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Legislative Institutions and Lawmaking in Latin America$
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Eduardo Alemán and George Tsebelis

Print publication date: 2016

Print ISBN-13: 9780198777861

Published to Oxford Scholarship Online: August 2016

DOI: 10.1093/acprof:oso/9780198777861.001.0001

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Agenda Setting and Lawmaking in Uruguay

Agenda Setting and Lawmaking in Uruguay

Chapter:
(p.199) 8 Agenda Setting and Lawmaking in Uruguay
Source:
Legislative Institutions and Lawmaking in Latin America
Author(s):

Daniel Chasquetti

Publisher:
Oxford University Press
DOI:10.1093/acprof:oso/9780198777861.003.0008

This chapter examines the distribution of legislative agenda setting power in Uruguay. It analyzes the legislative authority of the executive and the allocation of agenda setting power within Congress. The findings confirm the importance of the institutional powers of the executive, which give the president a prominent role in the lawmaking process. However, the chapter also underlines how presidents have been constrained by the need to negotiate legislative support with actors who do not necessarily hold the same preferences and are not necessarily in the opposition. Using data from the period 1995–2010, the analysis shows that legislators amend a large proportion of government bills and that this is usually a response to the need to establish agreements within Congress. Although executives use their prerogatives, such as vetoes, to try to mitigate the impact of some of these amendments, Congress is still able to influence the direction of policy change.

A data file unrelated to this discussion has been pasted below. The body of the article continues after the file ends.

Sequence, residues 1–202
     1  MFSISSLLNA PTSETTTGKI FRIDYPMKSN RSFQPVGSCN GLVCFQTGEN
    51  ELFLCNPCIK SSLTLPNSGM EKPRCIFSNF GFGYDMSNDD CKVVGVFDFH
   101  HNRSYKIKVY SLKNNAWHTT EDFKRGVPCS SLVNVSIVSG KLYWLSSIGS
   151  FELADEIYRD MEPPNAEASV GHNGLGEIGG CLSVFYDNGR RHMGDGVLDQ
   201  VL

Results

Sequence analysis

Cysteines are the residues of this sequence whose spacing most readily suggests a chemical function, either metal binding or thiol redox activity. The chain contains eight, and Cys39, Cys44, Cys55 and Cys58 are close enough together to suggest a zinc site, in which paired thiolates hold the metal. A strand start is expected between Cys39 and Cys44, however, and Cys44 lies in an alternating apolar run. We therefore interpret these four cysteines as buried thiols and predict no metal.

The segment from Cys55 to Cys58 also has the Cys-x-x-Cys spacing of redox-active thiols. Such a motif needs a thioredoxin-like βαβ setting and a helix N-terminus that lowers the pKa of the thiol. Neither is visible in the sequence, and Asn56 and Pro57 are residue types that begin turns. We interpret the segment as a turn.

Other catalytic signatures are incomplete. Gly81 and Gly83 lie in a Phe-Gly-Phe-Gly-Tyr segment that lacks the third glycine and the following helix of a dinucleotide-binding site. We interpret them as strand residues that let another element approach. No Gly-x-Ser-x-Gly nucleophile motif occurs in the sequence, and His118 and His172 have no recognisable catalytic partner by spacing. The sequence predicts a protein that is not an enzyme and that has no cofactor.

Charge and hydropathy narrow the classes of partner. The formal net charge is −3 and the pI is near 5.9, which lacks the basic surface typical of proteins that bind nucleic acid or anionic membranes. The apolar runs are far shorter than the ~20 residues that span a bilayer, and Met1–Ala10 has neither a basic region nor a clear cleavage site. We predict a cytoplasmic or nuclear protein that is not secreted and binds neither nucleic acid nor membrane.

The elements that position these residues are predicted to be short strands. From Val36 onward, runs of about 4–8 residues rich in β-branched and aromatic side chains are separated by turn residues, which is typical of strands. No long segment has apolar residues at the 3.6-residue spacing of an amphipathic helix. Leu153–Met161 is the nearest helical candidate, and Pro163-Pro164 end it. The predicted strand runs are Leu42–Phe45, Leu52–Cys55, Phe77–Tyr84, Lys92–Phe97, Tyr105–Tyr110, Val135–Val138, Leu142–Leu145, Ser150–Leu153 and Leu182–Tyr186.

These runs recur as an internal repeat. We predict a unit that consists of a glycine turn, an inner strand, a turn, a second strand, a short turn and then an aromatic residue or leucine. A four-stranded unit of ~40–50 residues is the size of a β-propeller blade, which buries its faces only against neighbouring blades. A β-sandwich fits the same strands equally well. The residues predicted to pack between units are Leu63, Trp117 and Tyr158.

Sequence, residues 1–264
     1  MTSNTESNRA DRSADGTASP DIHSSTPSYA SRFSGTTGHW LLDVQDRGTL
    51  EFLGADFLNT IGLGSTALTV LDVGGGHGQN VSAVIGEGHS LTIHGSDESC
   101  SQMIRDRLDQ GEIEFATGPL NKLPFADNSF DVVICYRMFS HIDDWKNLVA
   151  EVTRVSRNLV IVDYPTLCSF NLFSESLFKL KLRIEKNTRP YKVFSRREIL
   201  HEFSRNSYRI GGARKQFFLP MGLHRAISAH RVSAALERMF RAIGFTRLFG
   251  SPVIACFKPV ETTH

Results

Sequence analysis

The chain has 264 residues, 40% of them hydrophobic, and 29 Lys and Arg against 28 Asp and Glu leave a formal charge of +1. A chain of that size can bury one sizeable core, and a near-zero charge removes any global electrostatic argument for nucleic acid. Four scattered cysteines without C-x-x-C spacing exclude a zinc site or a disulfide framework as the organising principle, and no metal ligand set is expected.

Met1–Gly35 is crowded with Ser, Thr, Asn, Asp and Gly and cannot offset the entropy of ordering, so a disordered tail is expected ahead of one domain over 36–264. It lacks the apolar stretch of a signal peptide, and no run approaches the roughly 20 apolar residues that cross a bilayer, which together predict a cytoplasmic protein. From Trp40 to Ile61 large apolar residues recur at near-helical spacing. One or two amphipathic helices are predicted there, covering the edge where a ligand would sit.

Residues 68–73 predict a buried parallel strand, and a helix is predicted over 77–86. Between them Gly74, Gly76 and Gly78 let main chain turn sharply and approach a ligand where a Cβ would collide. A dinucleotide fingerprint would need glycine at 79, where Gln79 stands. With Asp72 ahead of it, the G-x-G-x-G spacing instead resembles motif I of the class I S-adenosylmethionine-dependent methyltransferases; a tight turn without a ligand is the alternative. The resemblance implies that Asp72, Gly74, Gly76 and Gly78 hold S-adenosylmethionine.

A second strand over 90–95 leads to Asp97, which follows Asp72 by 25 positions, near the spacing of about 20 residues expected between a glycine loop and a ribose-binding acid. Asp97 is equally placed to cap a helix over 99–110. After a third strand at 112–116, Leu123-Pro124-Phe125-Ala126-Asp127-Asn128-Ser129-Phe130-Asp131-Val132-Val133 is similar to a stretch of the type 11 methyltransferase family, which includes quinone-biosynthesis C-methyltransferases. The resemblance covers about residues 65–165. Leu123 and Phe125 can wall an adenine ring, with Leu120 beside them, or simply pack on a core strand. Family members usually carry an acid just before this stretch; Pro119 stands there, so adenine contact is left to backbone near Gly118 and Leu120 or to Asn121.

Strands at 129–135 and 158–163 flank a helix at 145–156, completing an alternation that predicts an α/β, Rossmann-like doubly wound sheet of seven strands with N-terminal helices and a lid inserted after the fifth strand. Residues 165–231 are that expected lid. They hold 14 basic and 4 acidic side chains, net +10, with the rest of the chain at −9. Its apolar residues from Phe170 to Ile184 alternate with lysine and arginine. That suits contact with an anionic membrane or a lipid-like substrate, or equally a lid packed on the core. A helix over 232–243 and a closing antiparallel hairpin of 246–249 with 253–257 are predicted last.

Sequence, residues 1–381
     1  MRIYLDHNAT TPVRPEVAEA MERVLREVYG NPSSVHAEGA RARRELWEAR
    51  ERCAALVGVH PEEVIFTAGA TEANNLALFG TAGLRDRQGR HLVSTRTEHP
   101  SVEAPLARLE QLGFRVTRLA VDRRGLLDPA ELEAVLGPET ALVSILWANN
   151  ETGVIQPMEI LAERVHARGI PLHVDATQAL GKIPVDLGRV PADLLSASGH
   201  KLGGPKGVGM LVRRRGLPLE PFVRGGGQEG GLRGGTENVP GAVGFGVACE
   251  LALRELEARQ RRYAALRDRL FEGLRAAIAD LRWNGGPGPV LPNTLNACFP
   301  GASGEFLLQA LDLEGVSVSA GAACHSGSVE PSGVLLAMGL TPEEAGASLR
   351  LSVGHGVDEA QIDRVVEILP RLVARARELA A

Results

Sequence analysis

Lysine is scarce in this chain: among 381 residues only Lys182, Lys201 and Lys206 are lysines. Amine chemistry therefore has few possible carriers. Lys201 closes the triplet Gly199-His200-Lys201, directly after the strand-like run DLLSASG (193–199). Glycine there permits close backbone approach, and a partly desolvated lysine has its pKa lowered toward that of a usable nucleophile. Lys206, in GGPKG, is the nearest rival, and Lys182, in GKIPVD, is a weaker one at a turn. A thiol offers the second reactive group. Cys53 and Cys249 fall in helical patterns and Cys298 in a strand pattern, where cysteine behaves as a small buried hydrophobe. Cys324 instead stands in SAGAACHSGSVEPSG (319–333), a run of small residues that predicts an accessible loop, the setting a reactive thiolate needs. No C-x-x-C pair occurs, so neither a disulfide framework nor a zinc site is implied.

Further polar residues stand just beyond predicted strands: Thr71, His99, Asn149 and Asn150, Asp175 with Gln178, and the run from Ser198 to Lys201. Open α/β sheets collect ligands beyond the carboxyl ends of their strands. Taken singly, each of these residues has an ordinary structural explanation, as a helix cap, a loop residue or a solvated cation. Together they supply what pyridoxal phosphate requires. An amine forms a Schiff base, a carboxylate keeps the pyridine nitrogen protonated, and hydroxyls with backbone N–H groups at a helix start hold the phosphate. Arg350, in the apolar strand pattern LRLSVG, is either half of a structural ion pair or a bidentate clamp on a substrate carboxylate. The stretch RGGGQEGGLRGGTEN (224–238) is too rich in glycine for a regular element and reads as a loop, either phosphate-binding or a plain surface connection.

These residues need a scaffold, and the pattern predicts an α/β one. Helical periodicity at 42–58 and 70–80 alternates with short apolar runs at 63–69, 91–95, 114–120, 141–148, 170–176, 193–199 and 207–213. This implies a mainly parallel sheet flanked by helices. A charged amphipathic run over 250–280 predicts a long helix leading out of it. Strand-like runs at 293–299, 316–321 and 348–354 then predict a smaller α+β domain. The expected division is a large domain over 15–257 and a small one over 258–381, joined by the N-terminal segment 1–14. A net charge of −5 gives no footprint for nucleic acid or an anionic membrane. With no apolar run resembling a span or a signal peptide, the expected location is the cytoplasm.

Keywords:   Uruguay, congress, presidents, congressional rules, vetoes, political parties

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